Just write it

Let me begin with couple of disclaimers:

1. I’m not formally trained as a screenwriter, have never had a class on screen writing, never attended a writing group, not even while I lived in Pasadena  - and I’ve never written a script before.  

2. I’ve never written a screenplay before or been involved in a production which means that I have no experience in the genre to compare this experience to – but this can also be a strength since I have no preconceived notions to fit this experience into – my only thoughts in conceiving this project has been in conceiving it in CVR.

What are you going to learn in this blog? My approach to the script. First, its purpose is to create an environment that conveys the essence of Elizabeth Barrett Browning – that gives a sense of who she was in her totality. My first approach was to write it like a script for theatre in the round. I put no limits on the script—went all in to create the illusion to the point of fairly extensive direction notes. Then I went to our second production meeting and, as my director likes to say, the idea was out there – a blob that now belongs to everyone on the team (which is great, by the way) and which everyone is going to make the best they possibly can.  When the realization hit me, that I was no longer solely responsible for my idea, I immediate relaxed. Lesson 1: The blob belongs to everyone. And everyone pointed out the problems with the script – too many characters, too much time, too stilted language.  So I began again.

This time, though, I approached it after a writing session with Gabe that helped me refocus on viewer experience and the hero’s responses.

The rewrite began with a lot of thinking and reframing my approach.  Something that is obvious that I didn’t consider until the rewrite is that CVR is on an X, Y, and Z-axis. The Z is what helped me most in the rewrite – it focused me on the problem of how to use the Z, specifically with the spatial audio. So I called my audio designer and asked a simple question: How much control do you have over amplitude when viewer changes visual focus?  Five minutes later I had an answer (have I mentioned how great my team is?) and began rewriting. Lesson 2: Think in the Z.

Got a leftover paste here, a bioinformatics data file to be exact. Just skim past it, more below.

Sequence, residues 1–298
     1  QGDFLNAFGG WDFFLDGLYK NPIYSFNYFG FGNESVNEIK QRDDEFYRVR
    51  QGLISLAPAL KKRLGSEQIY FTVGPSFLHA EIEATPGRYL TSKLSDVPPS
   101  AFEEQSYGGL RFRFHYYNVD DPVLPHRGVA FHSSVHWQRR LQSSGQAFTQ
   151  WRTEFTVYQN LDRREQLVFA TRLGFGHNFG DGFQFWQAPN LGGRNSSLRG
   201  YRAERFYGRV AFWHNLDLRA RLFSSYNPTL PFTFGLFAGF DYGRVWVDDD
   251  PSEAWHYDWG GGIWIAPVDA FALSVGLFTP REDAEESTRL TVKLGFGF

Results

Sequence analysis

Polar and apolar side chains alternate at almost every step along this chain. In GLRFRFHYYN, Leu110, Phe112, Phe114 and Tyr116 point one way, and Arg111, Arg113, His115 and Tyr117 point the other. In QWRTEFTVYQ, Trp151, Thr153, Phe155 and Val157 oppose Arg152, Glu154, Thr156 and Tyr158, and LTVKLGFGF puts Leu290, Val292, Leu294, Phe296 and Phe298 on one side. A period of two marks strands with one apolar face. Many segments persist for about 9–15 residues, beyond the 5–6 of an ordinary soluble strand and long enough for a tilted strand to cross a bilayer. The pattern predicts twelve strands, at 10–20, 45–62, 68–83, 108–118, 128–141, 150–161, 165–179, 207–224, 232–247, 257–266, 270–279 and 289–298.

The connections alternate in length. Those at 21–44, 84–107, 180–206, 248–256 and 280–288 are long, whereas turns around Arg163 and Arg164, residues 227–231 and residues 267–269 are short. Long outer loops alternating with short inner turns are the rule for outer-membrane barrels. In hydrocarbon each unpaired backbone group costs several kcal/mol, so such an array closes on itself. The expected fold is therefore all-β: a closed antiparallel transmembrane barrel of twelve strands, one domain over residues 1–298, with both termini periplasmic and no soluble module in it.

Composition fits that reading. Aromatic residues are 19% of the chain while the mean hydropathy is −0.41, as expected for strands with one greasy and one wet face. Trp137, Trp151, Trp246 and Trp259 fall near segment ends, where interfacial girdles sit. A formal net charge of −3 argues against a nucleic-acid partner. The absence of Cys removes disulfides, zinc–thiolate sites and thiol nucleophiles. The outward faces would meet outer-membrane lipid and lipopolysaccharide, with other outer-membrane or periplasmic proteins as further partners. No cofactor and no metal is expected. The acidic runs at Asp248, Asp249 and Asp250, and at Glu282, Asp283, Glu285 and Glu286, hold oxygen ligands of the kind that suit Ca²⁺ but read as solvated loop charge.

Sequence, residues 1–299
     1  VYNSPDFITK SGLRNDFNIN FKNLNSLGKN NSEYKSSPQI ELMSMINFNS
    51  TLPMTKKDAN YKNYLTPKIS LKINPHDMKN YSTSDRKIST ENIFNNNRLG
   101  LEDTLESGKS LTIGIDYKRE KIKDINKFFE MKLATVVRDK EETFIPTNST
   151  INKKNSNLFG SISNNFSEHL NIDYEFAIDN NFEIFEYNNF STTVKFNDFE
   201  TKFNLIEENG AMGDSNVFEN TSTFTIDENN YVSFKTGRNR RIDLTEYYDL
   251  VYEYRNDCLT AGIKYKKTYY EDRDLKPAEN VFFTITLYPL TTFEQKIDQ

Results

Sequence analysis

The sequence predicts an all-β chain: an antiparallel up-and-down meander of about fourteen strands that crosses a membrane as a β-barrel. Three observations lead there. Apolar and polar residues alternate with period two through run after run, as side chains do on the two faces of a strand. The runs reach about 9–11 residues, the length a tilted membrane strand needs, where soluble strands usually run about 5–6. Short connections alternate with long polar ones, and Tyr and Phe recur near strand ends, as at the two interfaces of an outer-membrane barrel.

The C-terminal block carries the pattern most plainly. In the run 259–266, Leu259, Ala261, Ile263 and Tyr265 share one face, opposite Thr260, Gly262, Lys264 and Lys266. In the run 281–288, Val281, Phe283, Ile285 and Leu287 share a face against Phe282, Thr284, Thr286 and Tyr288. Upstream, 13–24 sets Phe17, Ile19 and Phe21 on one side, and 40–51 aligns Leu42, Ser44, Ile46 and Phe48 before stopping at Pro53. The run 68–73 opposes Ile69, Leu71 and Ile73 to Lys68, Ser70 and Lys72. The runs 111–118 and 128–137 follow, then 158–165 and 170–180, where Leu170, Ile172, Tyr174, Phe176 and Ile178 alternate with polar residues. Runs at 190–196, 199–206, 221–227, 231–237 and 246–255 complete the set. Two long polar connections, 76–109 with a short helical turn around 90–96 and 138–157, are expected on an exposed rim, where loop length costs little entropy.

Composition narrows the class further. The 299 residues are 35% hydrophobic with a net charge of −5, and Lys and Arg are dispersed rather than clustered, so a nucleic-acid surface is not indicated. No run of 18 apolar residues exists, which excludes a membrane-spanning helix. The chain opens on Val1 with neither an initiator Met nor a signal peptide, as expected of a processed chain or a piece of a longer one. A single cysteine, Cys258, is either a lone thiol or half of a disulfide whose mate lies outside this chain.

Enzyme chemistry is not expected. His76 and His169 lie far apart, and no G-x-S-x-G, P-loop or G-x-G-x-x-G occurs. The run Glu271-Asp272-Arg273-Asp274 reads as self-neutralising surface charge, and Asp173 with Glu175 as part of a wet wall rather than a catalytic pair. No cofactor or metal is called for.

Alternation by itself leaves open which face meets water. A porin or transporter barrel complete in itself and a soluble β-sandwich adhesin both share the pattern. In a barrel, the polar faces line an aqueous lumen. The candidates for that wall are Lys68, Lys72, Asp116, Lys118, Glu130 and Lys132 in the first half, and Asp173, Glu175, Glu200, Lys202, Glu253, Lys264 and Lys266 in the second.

Because the CVR is visually limited by a fixed focal length, and because this version firmly sets the viewer as part of the narrative, I thought of the action as two concurrent scripts – an inner primary script taking place near the camera and a secondary set of converstations further away from the camera and on the periphery of the primary conversation. From there I broke the original script into what characters would actually share with a newcomer and what might be interesting enough to divert a viewer’s attention from the main conversation and make them want to overhear. In other words, the second script is not conceived as linear – as much control as possible over what to watch is given the viewer.  How this will impact viewer experience is one of the questions I’m seeking to answer in my dissertation. This is a new medium – no preconceived realities – only a whole bunch of potentialities which leads me to Lesson 3: Play with the form.

Our third production meeting was this week. I was looking forward to hearing what the team thought and to making changes in reshaping the blob. We delayed until next week so everyone could take a second, closer look. I know this won't be the script's last iteration - we still have to cast and then the actors will have their interpretation of their character & will add their own style to the piece. Lesson 4: Give artists freedom.